And although one might argue that co-sleeping is free, that slings costs less than prams and push-chairs and that extended breast-feeding past the recommended six months is actually saving money on early weaning and the cost of formula, economics reporter Helaine Olen looks at the incompatibilities of toddler breastfeeding with the demands of a career, noting that ‘whatever one thinks of the pros and cons of attachment parenting … it doesn’t come cheap, especially since there aren’t many (if any) employers out there waiting for an employee who turns up with multiple children in slings and otherwise clinging to her body’ (Olen, cited in Lipkin 2012). Likewise, Orit Avishai informs us that ‘although some mothers may have the financial means to quit their jobs and dedicate themselves to full-time parenting. For most women, this is not a viable choice, since the more time they spend away from work, the larger the negative impact on their potential lifetime earnings’ (ibid.). In this same way, the American Sociological Association makes the point that ‘breastfeeding for six months or longer is only free if a mother’s time is worth absolutely nothing’ (Lipkin 2012). To return to the Montessori movement in the early years sector, the notion that pupils engage in individual and small group work of their choice, with children receiving individual instruction for 3–4 hours a day speaks of a teacher to child ratio not common in either the early years or later school environment. To note that ‘classes that spend over an hour a day in whole ← 178 | 179 → group instruction are departing from the Montessori model’ leaves little doubt as to the financial and physical implications of a teaching method beyond most educational establishments (Chattin-McNicholas 1992).
Criticisms of Supernanny range from domestic disorder, mothers taking little interest in their children, showing them no guidance, demanding little respect and tolerating abuse with erratic and futile attempts to discipline such behaviour. None of the respondents talk about badly behaved children per se, rather, there is a clear consensus that it is the parental behaviours or maternal practices in particular that are at fault, with a lack of discipline or insufficient time spent with children being held up as the problem here. And although several commentators talked about what they deemed to be sad or tragic parenting oversights, there was little sense that the mothers were struggling to maintain what are considered to be appropriate childcare practices due to other work, caring or domestic commitments, even though this is something that the fragile and failing mothers in the programme routinely pass comment on in order to justify what are highlighted as their poor maternal choices. Most women who appear in Supernanny are not aware of what Frost and the audience see as poor parenting practices, and indeed, much of their decision making comes from a place of devotion rather than deviancy. It is not uncommon for women to tell us that they are scared to commit to formal, organised, coherent and constant discipline out of fear that such discipline will mean that their children will no longer love them (Supernanny: S2:E1). Frost briefly acknowledges the fear being voiced here before making it clear that the opposite is true, because rather than show respect or appreciation for their mothers loving efforts, these children have little opinion of the maternal position in the family home.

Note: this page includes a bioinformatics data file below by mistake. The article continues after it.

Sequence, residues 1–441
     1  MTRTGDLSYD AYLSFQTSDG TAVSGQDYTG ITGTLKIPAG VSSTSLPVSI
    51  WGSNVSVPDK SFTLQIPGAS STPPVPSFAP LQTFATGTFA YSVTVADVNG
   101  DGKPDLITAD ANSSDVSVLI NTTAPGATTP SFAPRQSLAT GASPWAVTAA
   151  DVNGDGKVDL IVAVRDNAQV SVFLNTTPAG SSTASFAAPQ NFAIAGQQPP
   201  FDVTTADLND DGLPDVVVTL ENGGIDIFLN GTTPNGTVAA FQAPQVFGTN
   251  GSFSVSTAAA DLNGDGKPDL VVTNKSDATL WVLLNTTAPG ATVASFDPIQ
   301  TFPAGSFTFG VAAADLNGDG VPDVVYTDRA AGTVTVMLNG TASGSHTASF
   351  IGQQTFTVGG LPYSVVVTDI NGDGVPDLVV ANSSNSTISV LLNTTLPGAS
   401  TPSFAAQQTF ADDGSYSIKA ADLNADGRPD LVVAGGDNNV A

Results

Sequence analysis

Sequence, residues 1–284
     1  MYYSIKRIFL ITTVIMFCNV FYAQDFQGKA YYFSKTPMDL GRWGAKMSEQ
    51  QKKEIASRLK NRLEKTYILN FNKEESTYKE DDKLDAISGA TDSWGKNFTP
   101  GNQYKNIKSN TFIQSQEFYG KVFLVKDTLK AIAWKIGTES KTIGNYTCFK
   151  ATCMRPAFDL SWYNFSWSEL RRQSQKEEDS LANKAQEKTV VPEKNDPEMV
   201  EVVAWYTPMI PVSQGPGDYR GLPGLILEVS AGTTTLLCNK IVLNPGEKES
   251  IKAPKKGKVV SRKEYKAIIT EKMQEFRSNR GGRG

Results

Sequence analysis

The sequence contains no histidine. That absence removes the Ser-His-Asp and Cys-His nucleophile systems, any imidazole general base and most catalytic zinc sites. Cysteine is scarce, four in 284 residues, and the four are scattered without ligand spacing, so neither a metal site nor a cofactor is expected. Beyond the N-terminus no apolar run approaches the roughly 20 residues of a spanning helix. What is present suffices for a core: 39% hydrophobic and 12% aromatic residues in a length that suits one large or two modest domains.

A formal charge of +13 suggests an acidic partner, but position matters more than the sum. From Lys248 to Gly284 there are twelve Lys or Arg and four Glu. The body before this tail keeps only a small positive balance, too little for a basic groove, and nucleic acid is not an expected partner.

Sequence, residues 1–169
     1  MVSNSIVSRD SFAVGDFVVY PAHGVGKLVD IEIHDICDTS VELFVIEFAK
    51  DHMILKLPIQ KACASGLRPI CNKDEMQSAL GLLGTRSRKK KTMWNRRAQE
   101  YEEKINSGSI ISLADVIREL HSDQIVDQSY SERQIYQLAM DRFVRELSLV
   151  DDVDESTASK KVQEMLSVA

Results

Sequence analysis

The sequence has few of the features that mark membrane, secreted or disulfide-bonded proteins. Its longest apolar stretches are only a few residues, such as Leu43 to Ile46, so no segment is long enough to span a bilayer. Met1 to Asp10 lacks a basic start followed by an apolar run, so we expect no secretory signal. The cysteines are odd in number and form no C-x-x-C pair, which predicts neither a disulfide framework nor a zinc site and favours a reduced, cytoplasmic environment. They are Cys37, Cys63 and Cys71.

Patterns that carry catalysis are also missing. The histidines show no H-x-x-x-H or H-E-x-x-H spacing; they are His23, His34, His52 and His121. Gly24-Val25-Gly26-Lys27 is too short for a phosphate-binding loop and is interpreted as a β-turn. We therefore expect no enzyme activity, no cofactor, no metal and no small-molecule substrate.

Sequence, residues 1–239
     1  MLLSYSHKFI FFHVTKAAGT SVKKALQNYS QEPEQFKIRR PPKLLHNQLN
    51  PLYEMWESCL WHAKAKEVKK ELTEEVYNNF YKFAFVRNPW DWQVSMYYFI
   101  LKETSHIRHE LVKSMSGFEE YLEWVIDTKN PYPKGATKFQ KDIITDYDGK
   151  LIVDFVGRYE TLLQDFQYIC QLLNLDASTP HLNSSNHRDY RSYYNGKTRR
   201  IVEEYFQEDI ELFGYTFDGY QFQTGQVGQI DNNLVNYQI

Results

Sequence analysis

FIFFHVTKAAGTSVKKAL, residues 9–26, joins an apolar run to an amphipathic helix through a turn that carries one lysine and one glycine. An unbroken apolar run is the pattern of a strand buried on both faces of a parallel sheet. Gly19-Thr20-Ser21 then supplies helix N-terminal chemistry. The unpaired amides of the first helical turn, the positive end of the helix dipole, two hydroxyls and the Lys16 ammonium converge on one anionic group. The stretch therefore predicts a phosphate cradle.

A small number of respondents made reference to the agenda setting function of these programmes and the ways in which they are being deployed as part of a broader maternal backlash:
I am shocked at how many shows are around that feature inept mothers – trying to change their behaviour. I’m not against it if it helps, but I wonder if mass culture is undermining women’s instincts about their own competence (although I know this is nothing new).
With this in mind, one might question why it is that mothers watch and continue to watch in growing numbers programmes such as Supernanny, and according to those women who completed my questionnaire the answer is three-fold. For pregnant women yet to experience motherhood first hand, Frost offers a visual parenting manual, acting either as a point of practical information or as a way of starting domestic discussions before the arrival of a baby; for mothers who are themselves struggling with childcare practices, Frost acts as a firm but fair tutor, with a proven track record in helping families with their maternal routines and child-centred disciplines; and lastly, for those parents who have less first-hand insights into toddler tantrums and routine behavioural anxieties, the show offers reassurance concerning their day-to-day appropriate maternal techniques. The fact that social and economic commentators are discussing the recent rise in extended family, or multi-generational living for the sandwich generation (a generation of middle aged parents who have caring responsibilities for both young children and elderly parents), demonstrates how living apart from extended families has become the norm (Davidson 2013). At a time when the majority of mothers are living away from their wider family network, there is a sense that they have not been ‘taught’ by example how to raise and care for their children, in a way that had existed for previous generations, and some respondents saw this as regretful: